Mayor Williams to lawmakers: Treat Wilmington fairly

 (John Jankowski/Newsworks)

(John Jankowski/Newsworks)

A letter from Wilmington delegation legislators regarding violent crime has sparked some mixed reaction from city leaders.

Following Tuesday’s letter urging city officials to adopt the Wilmington Public Safety Strategies Commission report and its recommendations, Mayor Dennis Williams and City Council President Theo Gregory both thanked state leaders for their continued support to tackle crime.

The letter from members of the Delaware General Assembly also stated the Joint Finance Committee’s offer of additional public safety funding is based on the city’s level of cooperation with the state.

The mayor also responded by saying that contrary to what some believe, the police department has implemented 90 percent of the recommendations from the Wilmington Public Safety Strategies Commission Report.

“The department’s partnerships with various law enforcement agencies, including the DOJ and FBI, led to a 91 count indictment against 13 gang members involving six homicides, numerous violent crimes, and weapons charges,” said Williams, who also named deployment strategies such as DISRUPT as initiatives that have decreased various crime activities since 2012.

In his response, Williams asked the state to treat Wilmington with the same fairness and cooperation as other cities and towns in Delaware.

“The city of Dover has tripled their number of homicides from last year, which is the highest number the city has recorded since at least 1988. Yet the funding provided by the Joint Finance Committee to address Dover’s public safety issues contained no strings or stipulations,” Williams said.

Meanwhile, the letter from Gregory urged the mayor’s administration to immediately work with the state.

“The administration should also adhere to the stipulation that it cooperate with a crime commission consultant to review what has and has not been accomplished with respect to the crime commission recommendations,” Gregory said.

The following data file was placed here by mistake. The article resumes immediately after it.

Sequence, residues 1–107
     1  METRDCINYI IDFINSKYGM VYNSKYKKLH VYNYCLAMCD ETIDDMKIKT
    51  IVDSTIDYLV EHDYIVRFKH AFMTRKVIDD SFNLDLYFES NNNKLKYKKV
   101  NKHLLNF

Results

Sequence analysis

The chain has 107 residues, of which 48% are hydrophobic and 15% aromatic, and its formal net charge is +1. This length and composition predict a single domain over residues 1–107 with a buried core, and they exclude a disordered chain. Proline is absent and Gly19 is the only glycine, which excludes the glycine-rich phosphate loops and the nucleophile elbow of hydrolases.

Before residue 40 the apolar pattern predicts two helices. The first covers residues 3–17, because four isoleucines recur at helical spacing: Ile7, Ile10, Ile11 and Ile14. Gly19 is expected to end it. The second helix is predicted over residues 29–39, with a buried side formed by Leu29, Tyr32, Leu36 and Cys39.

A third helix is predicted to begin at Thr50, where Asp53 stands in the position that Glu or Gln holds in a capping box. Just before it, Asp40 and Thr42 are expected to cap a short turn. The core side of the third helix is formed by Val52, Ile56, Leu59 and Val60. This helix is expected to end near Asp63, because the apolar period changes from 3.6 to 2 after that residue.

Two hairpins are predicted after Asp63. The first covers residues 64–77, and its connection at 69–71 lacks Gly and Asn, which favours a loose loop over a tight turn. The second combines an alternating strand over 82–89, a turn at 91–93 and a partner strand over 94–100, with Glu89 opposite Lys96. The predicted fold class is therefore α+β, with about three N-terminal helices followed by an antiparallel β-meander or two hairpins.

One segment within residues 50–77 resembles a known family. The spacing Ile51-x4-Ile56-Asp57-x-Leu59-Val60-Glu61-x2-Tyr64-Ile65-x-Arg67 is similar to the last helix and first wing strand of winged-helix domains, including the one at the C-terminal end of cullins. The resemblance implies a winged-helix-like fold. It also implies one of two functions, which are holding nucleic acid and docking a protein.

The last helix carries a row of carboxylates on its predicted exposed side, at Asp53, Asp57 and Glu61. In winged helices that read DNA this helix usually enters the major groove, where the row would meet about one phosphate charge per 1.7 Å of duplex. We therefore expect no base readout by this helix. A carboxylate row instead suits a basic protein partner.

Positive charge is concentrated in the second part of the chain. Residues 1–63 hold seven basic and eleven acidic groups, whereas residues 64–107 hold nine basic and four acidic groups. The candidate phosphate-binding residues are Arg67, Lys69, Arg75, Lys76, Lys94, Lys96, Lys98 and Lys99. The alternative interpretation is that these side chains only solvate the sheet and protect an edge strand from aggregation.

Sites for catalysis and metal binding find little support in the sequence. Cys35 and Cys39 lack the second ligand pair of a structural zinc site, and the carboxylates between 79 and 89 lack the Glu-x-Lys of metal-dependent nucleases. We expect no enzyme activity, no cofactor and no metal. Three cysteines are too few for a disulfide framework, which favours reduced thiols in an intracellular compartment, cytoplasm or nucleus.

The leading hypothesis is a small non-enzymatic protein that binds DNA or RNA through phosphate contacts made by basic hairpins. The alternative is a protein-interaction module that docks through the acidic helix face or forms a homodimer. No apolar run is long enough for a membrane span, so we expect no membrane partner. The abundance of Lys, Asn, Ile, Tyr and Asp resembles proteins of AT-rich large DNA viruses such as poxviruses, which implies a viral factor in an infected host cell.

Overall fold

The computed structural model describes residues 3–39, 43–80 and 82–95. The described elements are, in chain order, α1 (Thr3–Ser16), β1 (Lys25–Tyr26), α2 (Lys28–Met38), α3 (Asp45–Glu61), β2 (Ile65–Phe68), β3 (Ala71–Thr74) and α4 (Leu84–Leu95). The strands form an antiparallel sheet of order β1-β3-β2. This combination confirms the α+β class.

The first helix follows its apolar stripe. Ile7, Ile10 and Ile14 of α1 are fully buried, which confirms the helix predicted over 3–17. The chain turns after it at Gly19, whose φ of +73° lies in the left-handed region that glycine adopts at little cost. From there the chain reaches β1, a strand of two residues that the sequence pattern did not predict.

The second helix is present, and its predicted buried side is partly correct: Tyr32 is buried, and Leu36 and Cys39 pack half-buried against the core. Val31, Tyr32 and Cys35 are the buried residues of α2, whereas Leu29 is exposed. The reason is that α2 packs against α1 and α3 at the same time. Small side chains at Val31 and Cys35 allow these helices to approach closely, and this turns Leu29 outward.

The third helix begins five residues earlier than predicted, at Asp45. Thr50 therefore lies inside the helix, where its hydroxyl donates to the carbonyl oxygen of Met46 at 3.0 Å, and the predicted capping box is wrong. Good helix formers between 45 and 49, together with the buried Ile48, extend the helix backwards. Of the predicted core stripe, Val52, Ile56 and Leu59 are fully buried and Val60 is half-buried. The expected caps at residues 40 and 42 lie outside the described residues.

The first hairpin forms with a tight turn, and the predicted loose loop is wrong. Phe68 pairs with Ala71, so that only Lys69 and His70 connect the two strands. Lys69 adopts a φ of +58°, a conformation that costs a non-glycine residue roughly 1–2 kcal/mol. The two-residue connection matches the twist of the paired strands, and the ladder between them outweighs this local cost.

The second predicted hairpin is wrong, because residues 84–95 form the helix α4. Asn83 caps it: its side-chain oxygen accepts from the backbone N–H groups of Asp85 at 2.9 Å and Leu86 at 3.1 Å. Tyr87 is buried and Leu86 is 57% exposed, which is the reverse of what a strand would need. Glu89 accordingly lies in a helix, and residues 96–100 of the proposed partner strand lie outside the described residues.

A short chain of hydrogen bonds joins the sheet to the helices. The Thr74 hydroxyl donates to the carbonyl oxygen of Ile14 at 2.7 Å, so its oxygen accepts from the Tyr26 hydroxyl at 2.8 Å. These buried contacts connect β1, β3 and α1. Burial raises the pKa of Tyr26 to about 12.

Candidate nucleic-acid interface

But, in the letter from Williams to the lawmakers who represent Wilmington, the mayor had highlighted a number of initiatives Chief Cummings and the Wilmington Police Department have implemented following the Wilmington Public Safety Strategies Commission Report.

“On June 1, 2015, Chief Cummings announced a comprehensive strategic public safety plan that added 12 officers to the Homicide/Violent Crimes Unit, dedicated 25 officers to community policing efforts throughout the three-sector deployment, and integrated multiple technology components into the department,” Williams’ letter stated.

He also brought attention to the impact of the changes to fight crime.

“Increasing the size of the Homicide Unit and creating a Homicide/Violent Crime Unit has allowed for a comprehensive approach to investigating violent crime. In addition, the renewed emphasis on community policing has led to an increase in crime clearance rates and strengthened relationships between the police and the community,” Williams added.

According to Gregory, the city council will review the progress being made in meeting the recommendations of the crime commission as well as other steps being taken to improve public safety.

“We don’t have the luxury of time as we try to bring the crime issue under control. We need to work better together and trust each other more,” Gregory said.

“I hope to continue to engage in open dialogue with members of the city delegation, and extend an invitation for each of you to meet with me and other city officials to engage in a more in depth conversation about education, infrastructure, economic development, public safety and recidivism, as each of these factors impact crime,” Williams added.

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